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A federal court will be scrutinizing one of the National Security Agency’s worst spying
programs on Monday. The case has the potential to restore crucial privacy protections for the
millions of Americans who use the internet to communicate with family, friends, and others
overseas.
The unconstitutional surveillance program at issue is called PRISM, under which the NSA, FBI,
and CIA gather and search through Americans’ international emails, internet calls, and chats
without obtaining a warrant. When Edward Snowden blew the whistle on PRISM in 2013, the
program included at least nine major internet companies, including Facebook, Google, Apple,
and Skype. Today, it very likely includes an even broader set of companies.
The government insists that it uses this program to target foreigners, but that’s only half the
picture: In reality, it uses PRISM as a backdoor into Americans’ private communications,
violating the Fourth Amendment on a massive scale. We don’t know the total number of
Americans affected, even today, because the government has refused to provide any estimate.
This type of unjustifiable secrecy has also helped the program evade public judicial review of its
legality because the government almost never tells people that it spied on them without a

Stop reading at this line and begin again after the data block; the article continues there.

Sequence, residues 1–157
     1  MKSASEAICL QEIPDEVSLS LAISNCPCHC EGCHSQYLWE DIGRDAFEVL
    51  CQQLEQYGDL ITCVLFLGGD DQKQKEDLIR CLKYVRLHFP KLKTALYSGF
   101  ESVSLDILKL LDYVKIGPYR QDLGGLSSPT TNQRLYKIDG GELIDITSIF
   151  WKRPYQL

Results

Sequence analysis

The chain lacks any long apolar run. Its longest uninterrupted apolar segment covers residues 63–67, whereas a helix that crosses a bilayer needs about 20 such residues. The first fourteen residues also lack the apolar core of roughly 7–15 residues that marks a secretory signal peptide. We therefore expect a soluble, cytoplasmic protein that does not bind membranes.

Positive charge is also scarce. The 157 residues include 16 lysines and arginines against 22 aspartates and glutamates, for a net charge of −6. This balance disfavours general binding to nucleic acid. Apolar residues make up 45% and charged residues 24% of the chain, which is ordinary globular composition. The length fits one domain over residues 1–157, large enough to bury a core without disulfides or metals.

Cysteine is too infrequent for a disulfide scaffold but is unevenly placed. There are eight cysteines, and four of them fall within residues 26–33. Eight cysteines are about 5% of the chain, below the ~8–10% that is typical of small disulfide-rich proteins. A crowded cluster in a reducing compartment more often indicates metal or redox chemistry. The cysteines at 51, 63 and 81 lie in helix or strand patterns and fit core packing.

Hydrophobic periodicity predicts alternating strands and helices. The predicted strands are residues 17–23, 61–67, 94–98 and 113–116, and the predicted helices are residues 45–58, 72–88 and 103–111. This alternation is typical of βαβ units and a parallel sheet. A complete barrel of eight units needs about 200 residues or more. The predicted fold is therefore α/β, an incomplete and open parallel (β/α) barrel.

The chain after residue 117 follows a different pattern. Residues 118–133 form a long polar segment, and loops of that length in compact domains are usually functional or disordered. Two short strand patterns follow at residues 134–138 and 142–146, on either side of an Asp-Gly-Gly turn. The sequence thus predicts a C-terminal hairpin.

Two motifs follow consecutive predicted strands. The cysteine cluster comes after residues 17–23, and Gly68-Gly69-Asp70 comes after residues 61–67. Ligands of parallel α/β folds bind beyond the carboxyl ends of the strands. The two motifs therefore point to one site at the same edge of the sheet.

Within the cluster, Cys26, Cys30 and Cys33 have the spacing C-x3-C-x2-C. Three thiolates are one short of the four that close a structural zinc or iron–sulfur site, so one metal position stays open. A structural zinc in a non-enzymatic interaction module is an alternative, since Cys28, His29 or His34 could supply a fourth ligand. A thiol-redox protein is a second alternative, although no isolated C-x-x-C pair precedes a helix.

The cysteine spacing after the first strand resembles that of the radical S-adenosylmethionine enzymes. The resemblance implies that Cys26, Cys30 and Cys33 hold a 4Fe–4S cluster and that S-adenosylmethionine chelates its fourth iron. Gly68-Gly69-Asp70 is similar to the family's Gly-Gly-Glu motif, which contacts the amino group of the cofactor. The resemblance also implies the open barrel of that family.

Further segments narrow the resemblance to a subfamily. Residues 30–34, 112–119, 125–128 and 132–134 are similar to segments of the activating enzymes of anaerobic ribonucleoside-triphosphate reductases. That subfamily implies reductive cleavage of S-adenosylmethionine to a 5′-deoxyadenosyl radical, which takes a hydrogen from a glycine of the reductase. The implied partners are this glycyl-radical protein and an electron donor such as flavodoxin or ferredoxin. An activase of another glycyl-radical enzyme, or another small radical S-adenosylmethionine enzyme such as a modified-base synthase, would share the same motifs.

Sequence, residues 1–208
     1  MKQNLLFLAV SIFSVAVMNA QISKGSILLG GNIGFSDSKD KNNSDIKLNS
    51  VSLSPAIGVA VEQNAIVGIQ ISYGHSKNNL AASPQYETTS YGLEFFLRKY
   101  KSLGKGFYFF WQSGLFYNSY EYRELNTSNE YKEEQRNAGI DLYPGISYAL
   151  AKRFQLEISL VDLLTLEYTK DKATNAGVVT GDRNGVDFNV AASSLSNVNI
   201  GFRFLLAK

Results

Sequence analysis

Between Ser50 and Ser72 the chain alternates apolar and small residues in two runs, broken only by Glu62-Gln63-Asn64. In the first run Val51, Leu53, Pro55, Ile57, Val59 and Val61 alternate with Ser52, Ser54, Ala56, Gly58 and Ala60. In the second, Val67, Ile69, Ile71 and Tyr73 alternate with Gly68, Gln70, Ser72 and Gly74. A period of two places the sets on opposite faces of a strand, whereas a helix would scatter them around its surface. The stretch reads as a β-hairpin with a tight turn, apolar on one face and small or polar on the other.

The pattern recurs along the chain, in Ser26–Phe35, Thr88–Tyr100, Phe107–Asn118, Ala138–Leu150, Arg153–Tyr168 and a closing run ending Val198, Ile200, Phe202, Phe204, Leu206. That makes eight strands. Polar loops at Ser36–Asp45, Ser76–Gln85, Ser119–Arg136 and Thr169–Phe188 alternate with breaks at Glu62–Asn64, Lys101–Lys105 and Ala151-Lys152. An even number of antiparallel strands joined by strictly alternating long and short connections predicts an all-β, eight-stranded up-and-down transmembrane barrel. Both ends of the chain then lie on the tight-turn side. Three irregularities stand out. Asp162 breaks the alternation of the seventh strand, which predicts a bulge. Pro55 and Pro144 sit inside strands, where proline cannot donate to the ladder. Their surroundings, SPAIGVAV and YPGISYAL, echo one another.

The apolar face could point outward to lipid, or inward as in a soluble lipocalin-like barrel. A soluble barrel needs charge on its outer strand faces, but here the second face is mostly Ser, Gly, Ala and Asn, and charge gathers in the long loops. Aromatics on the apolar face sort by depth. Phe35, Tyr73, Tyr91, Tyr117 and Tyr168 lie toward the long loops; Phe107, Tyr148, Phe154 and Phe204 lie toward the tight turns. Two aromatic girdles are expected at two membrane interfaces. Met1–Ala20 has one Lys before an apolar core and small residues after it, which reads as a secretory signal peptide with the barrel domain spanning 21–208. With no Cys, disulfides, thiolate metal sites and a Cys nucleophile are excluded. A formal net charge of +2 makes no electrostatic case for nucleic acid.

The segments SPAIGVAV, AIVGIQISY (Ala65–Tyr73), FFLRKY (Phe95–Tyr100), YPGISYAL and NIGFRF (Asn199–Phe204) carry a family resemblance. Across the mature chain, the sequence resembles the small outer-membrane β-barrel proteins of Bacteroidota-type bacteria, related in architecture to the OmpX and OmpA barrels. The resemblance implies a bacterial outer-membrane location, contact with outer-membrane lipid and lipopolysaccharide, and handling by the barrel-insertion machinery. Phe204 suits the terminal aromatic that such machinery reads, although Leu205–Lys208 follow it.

warrant. Indeed, the government has a track record of failing to tell Americans about this spying
even when the person is charged with a crime based on the surveillance. That’s one reason why
this case is so important — this time, the government has admitted to the spying.
In this case, the government accused a Brooklyn man, Agron Hasbajrami, of attempting to
provide material support to a designated terrorist organization in Pakistan. After he pleaded
guilty to one of the charges, the government belatedly admitted that it had read through his
emails without a warrant.
Now Mr. Hasbajrami has challenged the government’s warrantless surveillance and is asking the
Second Circuit Court of Appeals to throw out the resulting evidence. The American Civil
Liberties Union and the Electronic Frontier Foundation are supporting him as
friends-of-the-court, arguing that the surveillance was unconstitutional (the brief we filed is
here). At the hearing on Monday, we’ll explain to a three-judge panel why the Fourth
Amendment requires the government to get a warrant when it wants to exploit the
communications of Americans who are swept up in PRISM.

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